The leaf and stem mines of British flies and other insects

(Coleoptera, Diptera, Hymenoptera and Lepidoptera)

by Brian Pitkin, Willem Ellis, Colin Plant and Rob Edmunds


SAMBUCUS. Elders. [Caprifoliaceae]

Four species of Sambucus are recorded in Britain. These include the native Elder (S. nigra) and Dwarf Elder (S. ebulus) and the introduced Red-berried Elder (S. racemosa) and American Elder (S. canadensis).

Only one British miner is recorded on Sambucus in Britain.

Elsewhere the tephritid Philophylla caesio is recorded as a miner in the petioles of Urtica sp. by Ferrar (1987), Beiger (1968) and White (1988), although there are unconfirmed records on Caprifoliaceae and Asteraceae, which seems an odd combination of hosts.

Although previously recorded as a miner in stems of Sambucus, Botanophila fugax is a common saprophagous species, the larvae normally feeding in the soil (Griffiths, pers. comm.).

A key to the European miners recorded on Sambucus is provided in Bladmineerders van Europa.

Elder - Sambucus nigra. Image: © Brian Pitkin
Sambucus nigra

Key for the identification of the known mines of British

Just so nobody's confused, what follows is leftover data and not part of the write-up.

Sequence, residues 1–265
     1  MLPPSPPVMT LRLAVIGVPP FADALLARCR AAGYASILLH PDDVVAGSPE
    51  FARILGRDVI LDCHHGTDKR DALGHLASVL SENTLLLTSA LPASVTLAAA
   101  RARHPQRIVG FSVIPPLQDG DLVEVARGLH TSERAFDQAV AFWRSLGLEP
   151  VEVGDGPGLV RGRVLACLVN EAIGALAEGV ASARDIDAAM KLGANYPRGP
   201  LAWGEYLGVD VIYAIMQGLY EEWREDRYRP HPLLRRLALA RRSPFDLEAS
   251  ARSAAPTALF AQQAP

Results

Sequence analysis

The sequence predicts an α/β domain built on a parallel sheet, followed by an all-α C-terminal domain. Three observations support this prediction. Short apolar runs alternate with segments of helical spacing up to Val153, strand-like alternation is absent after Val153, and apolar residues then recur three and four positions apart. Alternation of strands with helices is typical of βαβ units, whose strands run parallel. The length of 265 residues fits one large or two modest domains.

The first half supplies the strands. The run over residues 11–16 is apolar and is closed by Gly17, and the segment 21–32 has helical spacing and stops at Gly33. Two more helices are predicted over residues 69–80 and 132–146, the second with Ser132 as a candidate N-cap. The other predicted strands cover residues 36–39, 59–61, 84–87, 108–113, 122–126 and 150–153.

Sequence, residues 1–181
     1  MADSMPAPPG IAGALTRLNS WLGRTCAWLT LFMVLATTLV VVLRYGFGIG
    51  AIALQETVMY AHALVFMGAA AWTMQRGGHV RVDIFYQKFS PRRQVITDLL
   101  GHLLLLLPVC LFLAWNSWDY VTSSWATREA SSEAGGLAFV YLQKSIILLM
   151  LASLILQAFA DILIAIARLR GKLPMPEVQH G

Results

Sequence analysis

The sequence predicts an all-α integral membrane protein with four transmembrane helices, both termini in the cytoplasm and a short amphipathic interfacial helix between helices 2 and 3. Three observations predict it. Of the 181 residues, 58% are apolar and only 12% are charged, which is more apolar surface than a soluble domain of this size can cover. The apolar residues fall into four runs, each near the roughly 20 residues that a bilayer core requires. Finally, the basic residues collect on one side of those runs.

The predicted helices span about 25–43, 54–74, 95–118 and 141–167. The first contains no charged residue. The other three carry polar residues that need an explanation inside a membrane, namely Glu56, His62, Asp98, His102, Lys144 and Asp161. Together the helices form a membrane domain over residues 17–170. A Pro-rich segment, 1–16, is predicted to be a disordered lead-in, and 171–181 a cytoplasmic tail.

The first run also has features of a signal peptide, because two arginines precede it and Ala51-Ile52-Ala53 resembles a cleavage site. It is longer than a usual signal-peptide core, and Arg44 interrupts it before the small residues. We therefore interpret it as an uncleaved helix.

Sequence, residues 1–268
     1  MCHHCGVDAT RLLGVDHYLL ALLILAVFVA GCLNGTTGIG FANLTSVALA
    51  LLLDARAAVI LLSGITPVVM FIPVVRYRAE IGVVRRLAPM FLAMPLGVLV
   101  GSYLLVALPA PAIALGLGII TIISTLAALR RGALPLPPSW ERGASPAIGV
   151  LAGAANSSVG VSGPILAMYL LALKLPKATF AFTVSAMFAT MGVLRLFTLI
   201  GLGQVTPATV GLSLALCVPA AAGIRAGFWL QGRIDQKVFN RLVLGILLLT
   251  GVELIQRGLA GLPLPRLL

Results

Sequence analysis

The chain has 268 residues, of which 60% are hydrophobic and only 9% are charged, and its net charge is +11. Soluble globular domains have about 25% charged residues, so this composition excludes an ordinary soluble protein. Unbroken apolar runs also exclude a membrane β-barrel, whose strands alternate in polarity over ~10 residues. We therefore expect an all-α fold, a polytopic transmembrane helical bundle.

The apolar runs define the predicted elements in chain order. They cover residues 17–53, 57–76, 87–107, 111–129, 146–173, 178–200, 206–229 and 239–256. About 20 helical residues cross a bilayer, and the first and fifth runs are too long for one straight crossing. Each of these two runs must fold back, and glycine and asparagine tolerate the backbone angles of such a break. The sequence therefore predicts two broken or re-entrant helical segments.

insects (Diptera and non-Diptera) recorded on Sambucus

1 > Leaf-miner: Larva initially forming an irregular linear mine, which later develops into a conspicuous blotch; frass conspicuous.

Initially an upper-surface, narrow corridor of about 3 cm, that abruptly widens into an ill-coloured secondary blotch, which generally incorporates more or less of the corridor. Secondary feeding lines usually conspicuous. Pupation outside the mine; exit slit in the lower epidermis.

Forms an iregular upper surface blotch with conspicuous black frass (British leafminers

On Sambucus in Britain and elsewhere. Widespread in Britain. Also recorded in the Republic of Ireland. Widespread in continental Europe.

Liriomyza amoena (Meigen, 1830) [Diptera: Agromyzidae].

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